Dermatological Conditions

James E. Lessenger

Key words: predisposing factors, patch testing, wood's light, urticarian, dermatitis

Skin problems in worldwide agricultural workers are very common. Among California grape and tomato harvesters, pustular eruptions such as acne and folliculitis were present in 30% of studied workers. Irritant or allergic contact dermatitis was present in 2%. In Iowa, 9.6% of male farmers and 14.4% of wives of farmers reported dermatitis during the previous 12-month period. In Washington State, researchers studied 7445 claims for occupational skin disorders filed over a 5-year period. Medical bills totaled $1.22 million, and lost time payments were $1.23 million. The highest rates of occupational skin disorder claims were seen in agriculture with 2.8 claims per 10,000 full-time equivalent employee years. Most of these skin disorders were due to chemical and vegetation exposures (1-4).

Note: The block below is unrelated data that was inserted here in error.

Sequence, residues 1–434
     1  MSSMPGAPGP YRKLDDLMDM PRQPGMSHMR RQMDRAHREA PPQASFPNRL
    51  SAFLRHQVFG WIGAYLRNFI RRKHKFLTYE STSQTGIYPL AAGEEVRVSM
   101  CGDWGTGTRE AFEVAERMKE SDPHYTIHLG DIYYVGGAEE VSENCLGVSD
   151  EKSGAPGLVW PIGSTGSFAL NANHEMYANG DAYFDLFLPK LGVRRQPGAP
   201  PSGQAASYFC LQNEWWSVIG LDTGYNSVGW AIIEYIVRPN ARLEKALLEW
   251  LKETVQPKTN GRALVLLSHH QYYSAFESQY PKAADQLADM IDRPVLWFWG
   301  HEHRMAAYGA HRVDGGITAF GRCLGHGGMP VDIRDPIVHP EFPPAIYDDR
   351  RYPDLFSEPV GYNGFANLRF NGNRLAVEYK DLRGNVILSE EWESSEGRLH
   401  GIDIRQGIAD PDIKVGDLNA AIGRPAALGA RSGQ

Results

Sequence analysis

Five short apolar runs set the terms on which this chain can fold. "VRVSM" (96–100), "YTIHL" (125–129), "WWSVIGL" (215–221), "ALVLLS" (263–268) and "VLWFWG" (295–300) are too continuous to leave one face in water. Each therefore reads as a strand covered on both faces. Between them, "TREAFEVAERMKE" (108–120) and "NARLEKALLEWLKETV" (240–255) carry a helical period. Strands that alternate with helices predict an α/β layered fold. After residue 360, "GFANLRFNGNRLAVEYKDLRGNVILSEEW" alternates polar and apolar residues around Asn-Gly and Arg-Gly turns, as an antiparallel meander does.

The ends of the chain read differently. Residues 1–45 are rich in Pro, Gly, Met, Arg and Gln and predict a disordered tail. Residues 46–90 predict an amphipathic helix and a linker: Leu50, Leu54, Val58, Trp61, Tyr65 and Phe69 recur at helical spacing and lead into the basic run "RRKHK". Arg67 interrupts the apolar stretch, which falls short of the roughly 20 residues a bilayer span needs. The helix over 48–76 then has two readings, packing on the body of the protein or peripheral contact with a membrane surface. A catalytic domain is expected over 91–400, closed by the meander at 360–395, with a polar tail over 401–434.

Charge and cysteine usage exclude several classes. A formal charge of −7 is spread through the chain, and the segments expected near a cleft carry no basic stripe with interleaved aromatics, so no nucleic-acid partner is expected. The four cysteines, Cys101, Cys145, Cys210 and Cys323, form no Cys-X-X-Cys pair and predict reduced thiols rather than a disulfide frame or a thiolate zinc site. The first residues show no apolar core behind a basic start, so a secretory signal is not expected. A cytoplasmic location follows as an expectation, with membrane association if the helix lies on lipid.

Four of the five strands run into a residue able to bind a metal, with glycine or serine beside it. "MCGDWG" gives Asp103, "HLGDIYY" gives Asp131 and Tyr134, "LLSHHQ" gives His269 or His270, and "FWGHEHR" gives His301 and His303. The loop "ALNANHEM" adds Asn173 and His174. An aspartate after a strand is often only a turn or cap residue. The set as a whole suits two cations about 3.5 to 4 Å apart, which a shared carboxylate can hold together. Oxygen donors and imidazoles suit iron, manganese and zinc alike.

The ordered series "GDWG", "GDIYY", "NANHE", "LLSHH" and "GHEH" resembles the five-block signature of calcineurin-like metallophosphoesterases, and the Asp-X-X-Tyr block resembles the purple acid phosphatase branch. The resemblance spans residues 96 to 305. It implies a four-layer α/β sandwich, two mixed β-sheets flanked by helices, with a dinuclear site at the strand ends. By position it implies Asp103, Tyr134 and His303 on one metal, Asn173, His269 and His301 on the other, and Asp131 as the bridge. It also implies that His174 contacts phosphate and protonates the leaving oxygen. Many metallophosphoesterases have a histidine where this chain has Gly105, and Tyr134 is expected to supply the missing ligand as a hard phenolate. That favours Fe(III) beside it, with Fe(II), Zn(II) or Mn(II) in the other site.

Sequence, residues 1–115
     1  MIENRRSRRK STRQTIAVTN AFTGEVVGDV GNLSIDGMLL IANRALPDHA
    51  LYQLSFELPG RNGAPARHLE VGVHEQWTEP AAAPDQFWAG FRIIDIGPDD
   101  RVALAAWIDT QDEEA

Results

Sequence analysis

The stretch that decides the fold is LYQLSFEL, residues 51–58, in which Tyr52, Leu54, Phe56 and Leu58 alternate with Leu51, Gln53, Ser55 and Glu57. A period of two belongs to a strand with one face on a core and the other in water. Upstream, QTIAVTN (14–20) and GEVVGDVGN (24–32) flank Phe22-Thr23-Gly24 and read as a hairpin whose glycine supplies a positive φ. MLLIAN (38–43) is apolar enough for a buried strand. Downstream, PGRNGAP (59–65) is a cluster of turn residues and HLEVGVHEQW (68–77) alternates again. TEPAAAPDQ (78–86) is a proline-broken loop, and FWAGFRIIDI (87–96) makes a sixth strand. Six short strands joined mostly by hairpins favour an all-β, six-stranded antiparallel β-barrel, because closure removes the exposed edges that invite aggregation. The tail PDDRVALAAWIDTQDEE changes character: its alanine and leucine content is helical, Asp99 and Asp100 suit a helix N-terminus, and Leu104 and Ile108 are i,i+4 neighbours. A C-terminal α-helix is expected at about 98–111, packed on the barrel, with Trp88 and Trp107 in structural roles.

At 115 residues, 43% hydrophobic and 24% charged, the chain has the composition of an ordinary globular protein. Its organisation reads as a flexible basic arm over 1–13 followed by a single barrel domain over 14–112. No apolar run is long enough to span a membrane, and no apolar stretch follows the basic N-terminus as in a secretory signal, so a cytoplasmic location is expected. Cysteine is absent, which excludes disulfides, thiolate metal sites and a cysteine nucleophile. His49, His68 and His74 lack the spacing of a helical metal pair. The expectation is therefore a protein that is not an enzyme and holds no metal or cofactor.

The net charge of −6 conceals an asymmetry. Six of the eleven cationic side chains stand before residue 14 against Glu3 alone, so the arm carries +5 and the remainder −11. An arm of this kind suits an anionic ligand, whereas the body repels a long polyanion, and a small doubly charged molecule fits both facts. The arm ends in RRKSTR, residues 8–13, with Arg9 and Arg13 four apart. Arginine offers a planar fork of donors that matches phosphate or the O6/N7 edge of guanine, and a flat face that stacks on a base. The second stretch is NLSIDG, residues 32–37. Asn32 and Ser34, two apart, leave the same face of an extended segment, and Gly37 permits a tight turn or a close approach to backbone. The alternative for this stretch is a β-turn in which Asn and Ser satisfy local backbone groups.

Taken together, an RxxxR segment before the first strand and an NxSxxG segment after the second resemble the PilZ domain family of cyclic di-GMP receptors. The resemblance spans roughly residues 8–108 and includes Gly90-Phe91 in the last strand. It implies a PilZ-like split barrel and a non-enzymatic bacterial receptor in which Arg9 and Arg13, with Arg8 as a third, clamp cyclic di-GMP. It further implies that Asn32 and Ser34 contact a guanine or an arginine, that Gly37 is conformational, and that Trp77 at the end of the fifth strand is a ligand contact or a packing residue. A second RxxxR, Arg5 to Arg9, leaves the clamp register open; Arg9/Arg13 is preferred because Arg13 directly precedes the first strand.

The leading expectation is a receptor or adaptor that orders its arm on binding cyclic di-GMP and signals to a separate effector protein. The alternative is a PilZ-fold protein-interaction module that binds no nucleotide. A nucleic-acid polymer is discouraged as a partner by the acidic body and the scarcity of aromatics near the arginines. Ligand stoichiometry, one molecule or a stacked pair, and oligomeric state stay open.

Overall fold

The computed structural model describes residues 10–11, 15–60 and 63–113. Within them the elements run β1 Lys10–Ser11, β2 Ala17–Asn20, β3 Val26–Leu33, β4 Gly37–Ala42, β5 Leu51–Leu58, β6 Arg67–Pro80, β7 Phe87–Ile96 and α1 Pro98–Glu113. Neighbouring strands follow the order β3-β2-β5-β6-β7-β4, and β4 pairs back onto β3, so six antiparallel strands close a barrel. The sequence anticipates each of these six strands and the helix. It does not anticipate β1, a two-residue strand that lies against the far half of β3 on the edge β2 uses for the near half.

Among northern Ecuadorian potato farm workers, high rates of dermatitis and pigmentation disorders were attributable to the use of pesticides and fungicides. Among California farm workers, skin disease rates were found in tomato workers (6.2%), citrus (10.8%), and vineyard workers (21.0%). Factors found to contribute to dermatitis in farm workers included the specific type of crop cultivated, specific job activity, use of personal protective measures, field and home sanitation, environmental conditions of heat and humidity, personal hygiene, allergic history (including atopy), and ethnicity. several pesticides were shown to cause irritant and allergic contact dermatitis. Causes were found to include pesticides, naturally occurring plant substances, heat, sunlight and humidity, atopy, and infectious fungal and bacterial agents (5,6).

In Maryland, a study of watermen, people who harvest crabs, oysters and fish, demonstrated elevated rates of basal cell carcinoma, squamous cell carcinoma, and actinic keratoses (7).

0 0

Post a comment